# [OT] stable algorithm with complexity O(n)

Steven D'Aprano steve at REMOVE-THIS-cybersource.com.au
Mon Dec 15 02:48:43 CET 2008

```On Sun, 14 Dec 2008 21:42:33 +0000, Lie Ryan wrote:

> I'm sure someday, there will be a student who comes to class late and
> sees this on the board: "Design a comparison sorting algorithm that has
> better than O(n * log n) lower bound complexity." The unsuspecting
> student copied it, thinking it's a homework. He crunched to the problem,
> going to various meditations and yoga classes before finding a way that
> works just before deadline, handing out the work a bit late. Six weeks
> later, his professor called and said: "You know what you just did?
> You've just found a problem that was supposed to be an example of
> unsolvable problem."
>
> It has happened before, why not again?
> http://www.snopes.com/college/homework/unsolvable.asp

Because as you described it, it *hasn't* happened before. There is the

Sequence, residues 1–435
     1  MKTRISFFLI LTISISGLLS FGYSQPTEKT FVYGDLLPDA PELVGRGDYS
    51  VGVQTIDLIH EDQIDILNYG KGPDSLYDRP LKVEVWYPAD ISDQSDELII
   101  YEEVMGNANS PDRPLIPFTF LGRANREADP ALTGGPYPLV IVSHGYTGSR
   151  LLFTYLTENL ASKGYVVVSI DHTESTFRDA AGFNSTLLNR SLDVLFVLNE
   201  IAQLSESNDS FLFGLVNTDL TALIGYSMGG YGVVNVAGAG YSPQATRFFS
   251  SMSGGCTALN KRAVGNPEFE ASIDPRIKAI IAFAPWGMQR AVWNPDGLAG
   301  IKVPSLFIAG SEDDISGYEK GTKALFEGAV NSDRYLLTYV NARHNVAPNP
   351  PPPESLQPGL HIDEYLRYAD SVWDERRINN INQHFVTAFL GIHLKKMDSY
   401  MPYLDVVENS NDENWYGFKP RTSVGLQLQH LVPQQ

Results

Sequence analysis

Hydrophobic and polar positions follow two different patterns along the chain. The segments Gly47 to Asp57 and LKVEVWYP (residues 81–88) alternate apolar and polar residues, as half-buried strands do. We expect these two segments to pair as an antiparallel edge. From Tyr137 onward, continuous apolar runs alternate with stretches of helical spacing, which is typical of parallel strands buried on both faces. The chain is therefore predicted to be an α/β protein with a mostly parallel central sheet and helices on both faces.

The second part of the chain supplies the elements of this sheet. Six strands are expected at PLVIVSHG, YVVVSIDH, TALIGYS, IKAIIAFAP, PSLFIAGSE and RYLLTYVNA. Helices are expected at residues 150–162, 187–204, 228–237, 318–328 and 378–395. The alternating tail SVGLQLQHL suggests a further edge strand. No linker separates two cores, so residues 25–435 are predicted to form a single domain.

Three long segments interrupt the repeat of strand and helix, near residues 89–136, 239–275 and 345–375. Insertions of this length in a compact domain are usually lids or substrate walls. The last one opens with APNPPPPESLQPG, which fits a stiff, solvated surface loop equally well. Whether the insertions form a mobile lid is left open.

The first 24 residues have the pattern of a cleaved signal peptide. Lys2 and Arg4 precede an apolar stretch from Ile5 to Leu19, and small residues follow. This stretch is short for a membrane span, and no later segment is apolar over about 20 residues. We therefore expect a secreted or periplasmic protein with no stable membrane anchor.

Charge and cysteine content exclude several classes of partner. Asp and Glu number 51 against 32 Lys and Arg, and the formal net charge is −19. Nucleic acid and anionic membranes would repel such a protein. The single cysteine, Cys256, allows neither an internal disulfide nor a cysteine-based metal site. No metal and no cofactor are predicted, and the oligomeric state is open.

world of difference between an unsolvABLE problem and one that is
unsolvED.

* make a four-sided triangle;

* write down a completely accurate rational expansion for pi or the
square-root of 2;

* split a magnet into two individual poles;

* find an integer solution to 3*n = 7;

* solve the Halting Problem;

* fit n items into n-1 pigeonholes without putting two items in the one
pigeonhole;

* create a compression algorithm that will compress random data;

* or design a comparison sort which does fewer than O(n*log n) two-way
comparisons in the worst case, or fewer than O(n) comparisons in the best
case.

Some things really don't have a solution, no matter how much power of
positive thinking you apply to it.

--
Steven

```